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Cybercriminals have launched ransomware attacks specifically targeting Industrial Control Systems (ICS). According to researchers, this is the first case of malware that encrypts data in those environments.

A new report by security company Dragos shows that Ekans, or also Snake, as the ransomware is called, came to the fore in December 2019. The malware is designed to attack Windows systems used in industrial environments.

The researchers state that Ekans contains a list of commands and processes that relate to a number of functions that occur specifically in industrial control systems. These commands and processes are aimed at disabling these functions.

Evolution in malware

Although the functionality is described as limited, the analysis of the researchers shows that it is “a deeply concerning evolution in ICS-targeting malware”. This is because it indicates that cybercriminals are now directly targeting ICS systems, purely for financial gain. A number of malware attacks from state actors were previously known, but now the problem is also spreading to ‘ordinary’ e-crime actors.

Encrypted files get a new name, with a random file extension of five characters, and victims get a ransom letter with an e-mail address. They then have to contact the adress to negotiate the ransom, which has to be paid in cryptocurrency.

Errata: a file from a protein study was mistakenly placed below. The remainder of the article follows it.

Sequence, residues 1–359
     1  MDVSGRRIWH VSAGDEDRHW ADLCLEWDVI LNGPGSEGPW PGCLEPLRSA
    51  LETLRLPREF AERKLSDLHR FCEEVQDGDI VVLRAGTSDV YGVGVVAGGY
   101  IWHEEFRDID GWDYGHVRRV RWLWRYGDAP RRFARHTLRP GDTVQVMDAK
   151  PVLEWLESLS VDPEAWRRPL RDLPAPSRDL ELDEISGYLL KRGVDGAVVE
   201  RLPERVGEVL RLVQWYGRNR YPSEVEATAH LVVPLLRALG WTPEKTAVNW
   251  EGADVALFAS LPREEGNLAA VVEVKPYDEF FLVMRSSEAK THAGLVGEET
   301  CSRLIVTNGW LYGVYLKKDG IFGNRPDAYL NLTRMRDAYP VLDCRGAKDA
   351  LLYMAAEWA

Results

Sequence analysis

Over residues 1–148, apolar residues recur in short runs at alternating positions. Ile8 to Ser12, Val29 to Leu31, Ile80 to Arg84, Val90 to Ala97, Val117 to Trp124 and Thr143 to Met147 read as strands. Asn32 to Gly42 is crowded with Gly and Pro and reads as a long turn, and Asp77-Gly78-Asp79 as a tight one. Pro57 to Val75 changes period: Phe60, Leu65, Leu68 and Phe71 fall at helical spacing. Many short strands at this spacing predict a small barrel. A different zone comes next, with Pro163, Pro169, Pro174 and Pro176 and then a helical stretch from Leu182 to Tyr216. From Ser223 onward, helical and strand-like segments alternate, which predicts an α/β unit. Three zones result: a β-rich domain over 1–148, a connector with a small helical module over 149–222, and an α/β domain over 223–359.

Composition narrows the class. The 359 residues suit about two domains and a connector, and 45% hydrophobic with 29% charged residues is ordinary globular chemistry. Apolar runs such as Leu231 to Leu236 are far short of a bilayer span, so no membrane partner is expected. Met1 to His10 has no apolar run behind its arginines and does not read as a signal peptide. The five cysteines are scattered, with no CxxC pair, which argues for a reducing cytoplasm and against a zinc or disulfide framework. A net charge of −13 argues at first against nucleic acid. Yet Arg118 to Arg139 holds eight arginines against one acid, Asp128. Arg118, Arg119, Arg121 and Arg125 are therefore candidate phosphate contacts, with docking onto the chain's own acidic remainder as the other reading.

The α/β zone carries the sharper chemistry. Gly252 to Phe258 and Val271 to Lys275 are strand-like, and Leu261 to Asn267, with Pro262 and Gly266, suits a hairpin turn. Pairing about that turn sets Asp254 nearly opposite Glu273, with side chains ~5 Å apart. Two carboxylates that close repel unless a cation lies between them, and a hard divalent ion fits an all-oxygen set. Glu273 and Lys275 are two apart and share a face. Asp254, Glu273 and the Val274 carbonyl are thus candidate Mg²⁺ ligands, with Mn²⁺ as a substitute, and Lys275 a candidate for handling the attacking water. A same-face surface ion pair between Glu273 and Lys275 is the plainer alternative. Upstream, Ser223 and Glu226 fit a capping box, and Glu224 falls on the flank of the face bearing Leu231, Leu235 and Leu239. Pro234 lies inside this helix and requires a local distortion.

According to ZDNet, the way in which Ekans is specifically designed to target ICS indicates that the attackers have a specific target in mind. They will, therefore, probably take ample time to penetrate targets that are relevant to their plans.

“The ICS-specific nature of the targeted processes indicates an evolving brazenness,” Joe Slowik of Dragos said to ZDNet. “While not deliberately destructive, lack of context and victim environment issues could mean Ekans or similar malware terminating industrial-related processes could cause an inadvertent physical effect. The willingness to accept this possibility is deeply concerning.”